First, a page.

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100 Years of Achille Castiglioni, the master of Italian Design

“There has to be irony, both in design and in the objects. I see around me a professional disease of taking everything too seriously. One of my secrets is to joke all the time.” – Achille Castiglioni



About Achille Castiglioni, the Master of Italian Design

Achille Castiglioni (1918-2002) was an Italian architect and designer who made a delightful variety of objects from lighting to furniture.

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He was born and raised in Milan, the son of a sculptor, brother to Livio and Pier Giacomo who were also architects and designers. He studied architecture at Politecnico di Milano and graduated after serving in WWII. He passed away in 2002, but his influence has carried on. 

His legacy has been enthusiastically shared by his children, Carlo and Giovanna Castiglioni, co-founders of Fondazione Achille Castiglioni.

 

        

 

Fondazione Achille Castiglioni

The foundation is set in the studio space of Achille.

It functions as a non-traditional museum-like gallery. Reserve a tour and step into his creative process by observing his book and magazine collection, drafts/sketches, prototypes, and objects. His daughter Giovanna often guides the tours encouraging questions, participation, and interaction to help each visitor discover something new. Her eyes are filled to the brim with curiosity and creativity, a trait passed on perhaps.

This year celebrates 100 years of Achille through many events and exhibitions including 100×100 Achille at Fondazione Achille Castiglioni. The exhibit of everyday objects is gifted by some of the most important contemporary designers and curated by Chiara Alessi and Domitilla Dardi.

It will be open through the upcoming Milan Design Week 2018 !

    

Studio

Anonymous Objects

Studio Archives


The interview
5 Questions & Answers with Giovanna Castiglioni 

  1. ITALIANBARK: Who or what inspired Achille?

GIOVANNA CASTIGLIONI: He was inspired by anonymous objects…that is, things that were useful and cheap, for example daily objects like toys or rolling pins. He remained very curious to find inspiration everywhere- in new materials, especially in new bulbs from America, books and magazines. He also spent a lot of time in hardware stores.

  1. IB: What was his design philosophy?

GC: To reduce things to their essential elements. He was also committed to solving problems and simplifying designs during the process by being beside the workers. He wanted to solve problems for people because he was always curious about people in general.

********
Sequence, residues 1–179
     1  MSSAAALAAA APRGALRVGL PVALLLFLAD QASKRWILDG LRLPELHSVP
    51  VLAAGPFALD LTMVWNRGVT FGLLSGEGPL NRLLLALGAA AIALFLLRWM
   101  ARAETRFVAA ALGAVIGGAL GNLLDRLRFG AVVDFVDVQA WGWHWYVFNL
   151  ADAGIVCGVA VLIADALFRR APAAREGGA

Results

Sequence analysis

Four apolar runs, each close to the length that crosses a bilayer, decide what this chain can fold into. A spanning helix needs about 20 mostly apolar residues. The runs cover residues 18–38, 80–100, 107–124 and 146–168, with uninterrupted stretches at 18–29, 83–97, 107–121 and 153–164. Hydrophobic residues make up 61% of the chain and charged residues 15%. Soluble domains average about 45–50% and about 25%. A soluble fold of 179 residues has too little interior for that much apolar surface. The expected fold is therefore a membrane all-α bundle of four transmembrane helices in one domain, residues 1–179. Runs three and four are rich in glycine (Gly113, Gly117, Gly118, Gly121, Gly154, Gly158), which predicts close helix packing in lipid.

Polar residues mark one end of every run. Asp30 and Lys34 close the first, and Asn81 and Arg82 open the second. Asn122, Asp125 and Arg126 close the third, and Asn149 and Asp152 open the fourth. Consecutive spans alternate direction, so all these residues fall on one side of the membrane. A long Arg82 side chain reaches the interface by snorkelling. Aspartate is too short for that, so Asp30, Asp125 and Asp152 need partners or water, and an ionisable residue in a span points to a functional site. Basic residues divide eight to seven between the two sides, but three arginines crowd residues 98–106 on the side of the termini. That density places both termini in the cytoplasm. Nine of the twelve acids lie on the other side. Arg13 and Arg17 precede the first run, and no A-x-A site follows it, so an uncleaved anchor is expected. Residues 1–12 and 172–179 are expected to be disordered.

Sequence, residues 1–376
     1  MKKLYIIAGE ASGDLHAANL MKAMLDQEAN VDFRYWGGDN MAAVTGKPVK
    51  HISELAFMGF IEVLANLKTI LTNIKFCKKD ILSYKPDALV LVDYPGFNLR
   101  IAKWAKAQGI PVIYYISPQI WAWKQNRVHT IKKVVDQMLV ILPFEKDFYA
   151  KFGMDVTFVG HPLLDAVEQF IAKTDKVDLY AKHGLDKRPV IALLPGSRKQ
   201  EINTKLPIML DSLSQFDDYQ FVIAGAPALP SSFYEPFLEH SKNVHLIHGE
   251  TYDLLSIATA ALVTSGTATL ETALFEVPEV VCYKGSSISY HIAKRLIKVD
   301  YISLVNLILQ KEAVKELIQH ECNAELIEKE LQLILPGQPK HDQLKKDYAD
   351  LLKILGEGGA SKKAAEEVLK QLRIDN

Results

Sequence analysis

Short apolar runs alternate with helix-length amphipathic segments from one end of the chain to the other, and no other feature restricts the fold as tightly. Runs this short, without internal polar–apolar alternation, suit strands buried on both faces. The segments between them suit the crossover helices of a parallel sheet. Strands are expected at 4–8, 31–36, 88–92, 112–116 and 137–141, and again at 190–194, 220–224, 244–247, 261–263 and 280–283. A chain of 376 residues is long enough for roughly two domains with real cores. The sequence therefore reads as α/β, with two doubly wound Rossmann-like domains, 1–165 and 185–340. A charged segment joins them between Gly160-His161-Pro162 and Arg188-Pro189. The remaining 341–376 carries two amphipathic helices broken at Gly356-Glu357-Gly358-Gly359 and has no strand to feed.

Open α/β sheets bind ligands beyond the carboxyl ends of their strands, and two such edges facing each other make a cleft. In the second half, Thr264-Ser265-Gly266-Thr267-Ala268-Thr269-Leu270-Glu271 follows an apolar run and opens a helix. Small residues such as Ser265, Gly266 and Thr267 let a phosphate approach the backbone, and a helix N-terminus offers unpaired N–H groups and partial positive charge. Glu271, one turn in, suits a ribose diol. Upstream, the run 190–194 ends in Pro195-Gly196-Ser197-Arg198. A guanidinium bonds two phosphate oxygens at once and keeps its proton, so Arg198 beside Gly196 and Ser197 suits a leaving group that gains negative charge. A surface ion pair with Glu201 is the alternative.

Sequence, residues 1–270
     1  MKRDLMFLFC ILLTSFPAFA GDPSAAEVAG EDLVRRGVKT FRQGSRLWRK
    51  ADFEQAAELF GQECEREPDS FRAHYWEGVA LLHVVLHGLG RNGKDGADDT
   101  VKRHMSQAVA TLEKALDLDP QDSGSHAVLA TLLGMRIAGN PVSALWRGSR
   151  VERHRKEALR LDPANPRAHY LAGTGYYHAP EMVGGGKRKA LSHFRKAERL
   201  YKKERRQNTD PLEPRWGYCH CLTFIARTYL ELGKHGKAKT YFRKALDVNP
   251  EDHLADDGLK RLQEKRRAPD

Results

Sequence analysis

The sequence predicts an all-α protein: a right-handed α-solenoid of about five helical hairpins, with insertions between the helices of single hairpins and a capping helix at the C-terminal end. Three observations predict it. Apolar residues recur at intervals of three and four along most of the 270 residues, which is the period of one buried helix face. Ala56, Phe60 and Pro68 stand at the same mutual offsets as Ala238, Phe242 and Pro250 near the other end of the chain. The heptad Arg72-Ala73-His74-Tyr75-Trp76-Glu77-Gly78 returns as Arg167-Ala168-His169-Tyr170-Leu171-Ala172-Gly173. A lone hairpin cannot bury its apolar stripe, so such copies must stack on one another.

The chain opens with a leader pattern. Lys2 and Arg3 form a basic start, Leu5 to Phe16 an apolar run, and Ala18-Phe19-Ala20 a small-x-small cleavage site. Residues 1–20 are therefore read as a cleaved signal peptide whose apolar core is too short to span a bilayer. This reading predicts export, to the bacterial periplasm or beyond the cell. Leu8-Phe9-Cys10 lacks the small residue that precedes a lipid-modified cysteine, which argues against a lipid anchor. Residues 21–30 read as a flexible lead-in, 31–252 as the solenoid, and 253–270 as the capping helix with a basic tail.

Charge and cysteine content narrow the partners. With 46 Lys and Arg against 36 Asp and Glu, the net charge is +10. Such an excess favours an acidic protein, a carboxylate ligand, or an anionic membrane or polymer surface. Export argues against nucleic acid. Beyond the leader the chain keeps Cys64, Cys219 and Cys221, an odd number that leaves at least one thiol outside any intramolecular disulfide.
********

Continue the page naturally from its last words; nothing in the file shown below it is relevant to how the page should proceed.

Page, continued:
For example the Lampadina in 1971 made for Flos was a lamp created with a base that could store the electric cord, as he was inspired by the film reel.

 

 

Lampadina, Photo Credit: MoMA

 

  1. IB: What is your favorite object of his?

GC: I have two if that’s alright?
IB: Of course!

GC: The first was his favorite too – a light switch that he designed with his brother (Pier Giacomo) in 1968 for VLM Electronics, a switch still in production. I created a necklace with the switch, he carried one in his pocket. It’s a really useful common object and symbol of good ideas.



Lightswitch Photo Credit: Pinterest

 

The second object is a lamp he designed for me in 1982, produced by Flos, that resembles a smiling face. It’s no longer in production, but called Giovi, short for Giovanna.

Photo Credit: Pinterest

  1. IB: What was he like as a professor?

GC: He loved so much to investigate his projects with the students and would often bring a suitcase full of anonymous objects. He explained things through objects, like form and function through scissors. I would sometimes follow him to university- it was amazing to see a man absolutely young and open in front of every object. He was enthusiastic about his life and enjoyed it.

  1. IB: Are there any contemporary architects or designers that you think have been influenced by Achille?

GC: There are many! Not just one. Many keep the irony alive, some interested more in form, others more in function. There’s a “piccolo Achille” in many, like Patricia Urquiola, Paolo Ulian, etc.


More about his Design
10 Objects by Achille Castiglioni 

 

1. MEZZADRO Seat, 1957 (Achille Castiglioni & Pier Giacomo Castiglioni)
 

Photo Credits: 1. achillecastiglioni.it, 2. ArchiProducts

2. ARCO Floor Lamp, 1962 (Achille & Pier Giacomo)


                                              Photo Credits: 1. MoMA , 2. Nikolas Koenig, 3.  HomeDSGN , 4. My Domaine

3.  TACCIA Lamp, 1958/62 (Achille & Pier Giacomo)

Photo Credits: via Pinterest,Pinterest

   


Photo Credits: 1. Skandium Ltd, 2. Chelsea, 3. MOHD


4. GATTO Lamp, 1960 (Achille & Pier Giacomo)

 
Photo Credits: 1. Chelsea  , 2. FLOS , 3. FLOS

5. SPLUGA Bar Chair, 1960 (Achille & Pier Giacomo)

Photo Credits: Pier Giacomo Castiglioni , Eurotubi

6. SNOOPY Lamp, 1967 (Achille & Pier Giacomo)
 

Photo Credits: ArchiProducts , Uprise Art

7. SPIRALE Ashtray, 1970

via Pinterest

8. SANCARLO Armchair, 1982

Photo Credits: 1. Archiproducts  2. Bonluxat 3. pinimg

9. TARAXACUM 88 Lamp, 1988
   

Photo Credits: 1. via Pinterest 2. FLOS   3. FLOS

10. HILLY Sofa, 1992

Photo Credits: pinimg pinimg


100 years of Castiglioni

They sure don’t make ‘em like Achille anymore. His designs, many of which are still in production, have been staples in many Italian and international homes throughout the years.

Check out more of his objects and head to one of the events dedicated to the celebration of his life and work.

Events:
100×100 Achille at Fondazione Achille Castiglioni 19 February- 30 April
Dimensione domestica atto III at Fondazione Achille Castiglioni
Achille Castiglioni Visionario in Chiasso, Switzerland at m.a.x. museo 19 May-23 September
Achille Castiglioni at La Triennale Milano October 2018-January 2019

Photos are credited to Fondazione Achille Castiglioni unless otherwise stated.